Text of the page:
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Huelgoat (Municipality, Finistère, France)

An Uhelgoad

Last modified: 2010-12-03 by ivan sache
Keywords: finistere | huelgoat | an uhelgoad | ermines: 11 (black) | ermine (yellow) | stag (yellow) | fishes: 2 (yellow) |
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[Flag of Huelgoat]

Flag of Huelgoat - Image by Ivan Sache, 19 August 2010

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Presentation of Huelgoat

The municipality of Huelgoat (in Breton, An Uhelgoad; 1,612 inhabitants in 2006; 1,487 ha) is located in central western Brittany, 70 km east of Brest.
Huelgoat means in Breton "the upper forest", from huel, "high", and koat, "a forest"; the village, part of the Armorique Natural Regional Park, is located between the Huelgoat Forest (600 ha), which includes the famous Huelgoat granitic chaos, and a man-made lake (15 ha).

The site of Huelgoat was settled very early, probably for the exploitation of mines of argentiferous lead, mostly located on the territory of the neighbouring municipality of Locmaria-Berrien, once the biggest of that kind in the Kingdom of France and exploited until 1934. The Celtic oppidum known as Artus' Camp (30 ha protected by two concentric walls) was reused after the Roman conquest and until the Middle Ages; remains of a small fort built in the 10th century have been excavated in the north of the oppium.
In the late 16th century, the German miners dig a 15-ha lake to collect the water of two small rivers, which was brought to the mine through the forest by a 3-km long canal; the water also powered the Chaos grain mill, located on a dyke at the entrance of the chaos.

The chaos of Huelgoat is made of piles of huge roundish granitic rocks, progressively (for million years!) cleared away from the surrounding soil layers by water runoff. This romantic site attracted painters, writers and tourists, which boosted in the late 19th century the building of several hotels in Huelgoat, in spite of the small size of the village and its isolation from the main routes of communication. The rocks were given pleasant nicknames, "explained" by convenient legends. Of course, the chaos was built by the giant Gargantua; since the inhabitants of Huelgoat could not manage to feed him, he went to northern - and richer - Léon, where he was eventually fed, and took revenge by throwing rocks rounded by the sea above the Mounts of Arrée down to Huelgoat.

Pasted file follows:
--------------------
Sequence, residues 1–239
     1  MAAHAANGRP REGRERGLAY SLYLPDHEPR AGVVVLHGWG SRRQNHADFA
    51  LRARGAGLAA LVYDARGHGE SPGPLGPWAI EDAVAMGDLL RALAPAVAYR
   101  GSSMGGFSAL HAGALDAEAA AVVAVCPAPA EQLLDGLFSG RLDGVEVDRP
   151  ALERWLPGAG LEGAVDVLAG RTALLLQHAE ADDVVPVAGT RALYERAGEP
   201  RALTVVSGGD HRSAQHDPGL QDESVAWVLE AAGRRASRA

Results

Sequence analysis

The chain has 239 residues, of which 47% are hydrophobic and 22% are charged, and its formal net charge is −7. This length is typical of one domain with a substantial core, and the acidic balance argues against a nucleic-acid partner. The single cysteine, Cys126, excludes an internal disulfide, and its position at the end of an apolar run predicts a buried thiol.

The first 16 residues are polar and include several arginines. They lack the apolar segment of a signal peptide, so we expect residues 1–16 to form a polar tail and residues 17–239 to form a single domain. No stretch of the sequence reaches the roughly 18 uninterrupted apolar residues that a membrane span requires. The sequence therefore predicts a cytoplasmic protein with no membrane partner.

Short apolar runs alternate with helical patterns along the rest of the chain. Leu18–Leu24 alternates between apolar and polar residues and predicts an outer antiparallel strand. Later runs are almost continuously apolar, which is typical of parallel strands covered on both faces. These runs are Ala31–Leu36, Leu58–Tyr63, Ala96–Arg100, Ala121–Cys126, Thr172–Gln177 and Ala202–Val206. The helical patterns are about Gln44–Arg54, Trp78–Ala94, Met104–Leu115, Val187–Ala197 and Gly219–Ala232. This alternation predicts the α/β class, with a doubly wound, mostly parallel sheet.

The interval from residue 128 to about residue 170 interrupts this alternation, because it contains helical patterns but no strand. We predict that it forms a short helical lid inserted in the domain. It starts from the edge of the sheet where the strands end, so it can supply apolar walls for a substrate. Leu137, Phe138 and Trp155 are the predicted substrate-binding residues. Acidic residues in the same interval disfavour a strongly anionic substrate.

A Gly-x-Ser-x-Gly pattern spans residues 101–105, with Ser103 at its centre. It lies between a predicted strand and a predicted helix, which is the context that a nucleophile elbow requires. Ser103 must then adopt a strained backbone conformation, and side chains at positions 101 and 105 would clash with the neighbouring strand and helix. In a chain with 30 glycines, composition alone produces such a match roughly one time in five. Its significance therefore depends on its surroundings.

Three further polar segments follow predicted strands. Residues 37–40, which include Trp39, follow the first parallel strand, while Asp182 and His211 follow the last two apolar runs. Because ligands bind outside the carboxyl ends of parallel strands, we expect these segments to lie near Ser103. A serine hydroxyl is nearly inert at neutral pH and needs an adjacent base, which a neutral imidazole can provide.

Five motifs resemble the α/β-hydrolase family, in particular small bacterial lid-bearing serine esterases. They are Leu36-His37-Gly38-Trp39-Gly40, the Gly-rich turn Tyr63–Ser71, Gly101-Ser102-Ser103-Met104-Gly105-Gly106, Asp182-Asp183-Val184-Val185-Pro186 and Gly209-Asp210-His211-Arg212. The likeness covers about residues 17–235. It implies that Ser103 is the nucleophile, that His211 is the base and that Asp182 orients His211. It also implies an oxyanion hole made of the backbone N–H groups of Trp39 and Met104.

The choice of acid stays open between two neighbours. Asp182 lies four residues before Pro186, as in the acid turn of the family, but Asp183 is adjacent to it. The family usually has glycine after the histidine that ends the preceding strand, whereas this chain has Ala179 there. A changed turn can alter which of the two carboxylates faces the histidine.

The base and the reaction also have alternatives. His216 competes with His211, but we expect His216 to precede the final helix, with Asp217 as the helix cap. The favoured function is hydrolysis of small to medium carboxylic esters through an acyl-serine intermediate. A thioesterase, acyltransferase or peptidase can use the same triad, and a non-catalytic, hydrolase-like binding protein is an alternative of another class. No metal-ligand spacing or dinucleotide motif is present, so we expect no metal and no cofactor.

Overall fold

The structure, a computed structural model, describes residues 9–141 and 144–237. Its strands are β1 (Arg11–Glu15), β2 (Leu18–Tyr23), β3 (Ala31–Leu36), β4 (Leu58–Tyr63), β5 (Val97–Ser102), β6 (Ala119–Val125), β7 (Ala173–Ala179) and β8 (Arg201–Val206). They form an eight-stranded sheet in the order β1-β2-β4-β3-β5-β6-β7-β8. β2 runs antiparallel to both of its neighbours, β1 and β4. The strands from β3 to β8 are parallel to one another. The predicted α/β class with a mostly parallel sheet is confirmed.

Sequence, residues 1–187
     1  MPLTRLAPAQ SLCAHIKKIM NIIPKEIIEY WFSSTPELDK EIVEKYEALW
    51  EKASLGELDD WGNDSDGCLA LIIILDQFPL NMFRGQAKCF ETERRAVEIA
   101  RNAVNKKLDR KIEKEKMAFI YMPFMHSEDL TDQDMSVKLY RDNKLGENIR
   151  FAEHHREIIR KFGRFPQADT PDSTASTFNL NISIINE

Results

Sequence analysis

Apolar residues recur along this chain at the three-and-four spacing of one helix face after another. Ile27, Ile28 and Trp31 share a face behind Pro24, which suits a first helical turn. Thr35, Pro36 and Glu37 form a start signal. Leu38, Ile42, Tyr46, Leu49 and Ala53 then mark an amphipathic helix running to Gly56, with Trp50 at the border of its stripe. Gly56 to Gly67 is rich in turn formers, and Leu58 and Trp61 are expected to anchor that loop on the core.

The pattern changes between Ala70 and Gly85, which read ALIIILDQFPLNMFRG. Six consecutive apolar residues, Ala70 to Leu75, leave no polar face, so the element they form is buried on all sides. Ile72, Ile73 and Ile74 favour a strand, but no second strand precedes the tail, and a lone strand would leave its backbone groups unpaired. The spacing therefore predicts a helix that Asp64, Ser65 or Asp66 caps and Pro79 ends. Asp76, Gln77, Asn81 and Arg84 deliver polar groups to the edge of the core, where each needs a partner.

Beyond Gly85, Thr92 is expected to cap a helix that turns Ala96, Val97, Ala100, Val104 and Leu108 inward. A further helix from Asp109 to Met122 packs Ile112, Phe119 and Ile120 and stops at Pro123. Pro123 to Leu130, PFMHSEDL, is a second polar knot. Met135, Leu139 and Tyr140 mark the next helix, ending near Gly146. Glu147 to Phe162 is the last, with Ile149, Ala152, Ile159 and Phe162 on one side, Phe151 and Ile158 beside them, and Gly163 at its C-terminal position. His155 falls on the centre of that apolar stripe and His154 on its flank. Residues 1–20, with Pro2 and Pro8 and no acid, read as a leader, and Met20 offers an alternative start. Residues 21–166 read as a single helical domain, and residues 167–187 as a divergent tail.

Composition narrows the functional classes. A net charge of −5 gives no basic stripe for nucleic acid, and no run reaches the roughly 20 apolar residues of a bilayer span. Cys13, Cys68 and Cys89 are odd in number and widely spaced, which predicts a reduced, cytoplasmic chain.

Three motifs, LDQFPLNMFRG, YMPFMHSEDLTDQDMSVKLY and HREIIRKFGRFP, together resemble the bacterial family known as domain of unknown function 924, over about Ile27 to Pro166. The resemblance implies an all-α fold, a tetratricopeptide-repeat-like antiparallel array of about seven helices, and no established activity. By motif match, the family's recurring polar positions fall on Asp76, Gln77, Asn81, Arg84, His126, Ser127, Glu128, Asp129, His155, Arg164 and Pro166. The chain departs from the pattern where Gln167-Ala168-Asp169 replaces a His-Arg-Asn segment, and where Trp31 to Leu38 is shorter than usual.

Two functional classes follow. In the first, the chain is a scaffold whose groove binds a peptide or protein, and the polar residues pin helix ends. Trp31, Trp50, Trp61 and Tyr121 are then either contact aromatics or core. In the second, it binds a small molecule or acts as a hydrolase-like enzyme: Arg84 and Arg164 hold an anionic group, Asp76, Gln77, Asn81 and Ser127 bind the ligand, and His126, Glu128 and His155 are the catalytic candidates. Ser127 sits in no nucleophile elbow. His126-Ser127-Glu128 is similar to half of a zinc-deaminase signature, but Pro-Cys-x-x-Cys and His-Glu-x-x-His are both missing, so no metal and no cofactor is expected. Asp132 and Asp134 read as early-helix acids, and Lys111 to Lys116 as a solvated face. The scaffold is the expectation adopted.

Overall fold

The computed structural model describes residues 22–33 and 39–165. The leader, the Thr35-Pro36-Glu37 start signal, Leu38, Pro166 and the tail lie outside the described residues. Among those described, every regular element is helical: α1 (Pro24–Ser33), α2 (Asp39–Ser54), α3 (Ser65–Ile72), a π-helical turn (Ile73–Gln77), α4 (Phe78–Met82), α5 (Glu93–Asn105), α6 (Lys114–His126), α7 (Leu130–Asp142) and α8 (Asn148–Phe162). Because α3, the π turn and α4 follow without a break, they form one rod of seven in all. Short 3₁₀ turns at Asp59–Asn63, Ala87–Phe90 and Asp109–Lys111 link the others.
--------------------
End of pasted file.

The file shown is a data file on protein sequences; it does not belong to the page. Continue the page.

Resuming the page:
The Artus' Cave, located on the foot of Artus' Camp, is the place where King Arthur hid the treasure he had extracted from the Valley of No Return with the help of Merlin. The Devil's Cave was allegedly used during the French Revolution by a Republican; surrounded by Royalists, he set up a fire, put on his hut decorated with two red feathers and raised a pitchfork, scaring his opponents who mistook him for the devil. The nearby House of the Virgin chaos is made of rocks named for furniture pieces: the Cauldron, the Ladle, the Churn, the Bellows, the Armchairs and the Bed. Located at the upper end of the chaos, the Abyss is a small gorge in which the Argent River, named for the neighbouring mine, rushes down. The spur surmonting the Abyss is the castle where the nefarious Dahut, Princess of Ys, invited her lovers and threw them down to the water after use; the noise made by the water in the gorge is said to be the cheated lovers' sobs. After the flood of Ys, Dahut was transformed into a mermaid and sentenced to come to the rock every night and to sing louder than her unfortunate lovers.

The Navy doctor, ethnologist and writer (Les Immémoriaux, 1907; Stèles, 1912) Victor Ségalen (1878-1919) retired in 1919 in Huelgoat, his "mythical backworld"; a stele placed on the spur surmonting the Abyss recalls that Ségalen was found dead there, still holding his copy of Shakespeare's Hamlet. The Huelgoat chaos has been portrayed by the Nabi ("prophets") painters Paul S´rusier (1864-1927; stayed in Huelgoat in 1892-1894) and Maurice Denis (1870-1943). Oddly enough, S&ecute;rusier and Denis were friends of Paul Gauguin (1848-1903), whose last sketches made in the Marquesas were purchased and saved from trash by Victor Ségalen.

Source: Huelgoat Visitors' Center website

Ivan Sache, 19 August 2010

Flag of Huelgoat

The flag of Huelgoat, as hoisted on the lake shore, is the traditional Breton flag charged at fly with the municipal coat of arms and the name of the village written in white capital letters in the bottom black stripe.

The coat of arms of Huelgoat, as shown in Froger and Pressensé's Armorial des communes du Finistère (2001) (image) is: "De gueules au cerf passant d'or, au chef ondé de sinople soutenu aussi d'or, chargé d'une moucheture d'hermine accostée de deux carpes posées en face et affrontées, le tout aussi d'or" (Gules a stag passant or a chief vert supported wavy or an ermine spot surrounded by two carps all or).
The charges must recall the forest (stag) and the lake (carps); the fimbriation must recall the river, but a fimbriation argent, for the Argent River, could have been expected.

Ivan Sache, 19 August 2010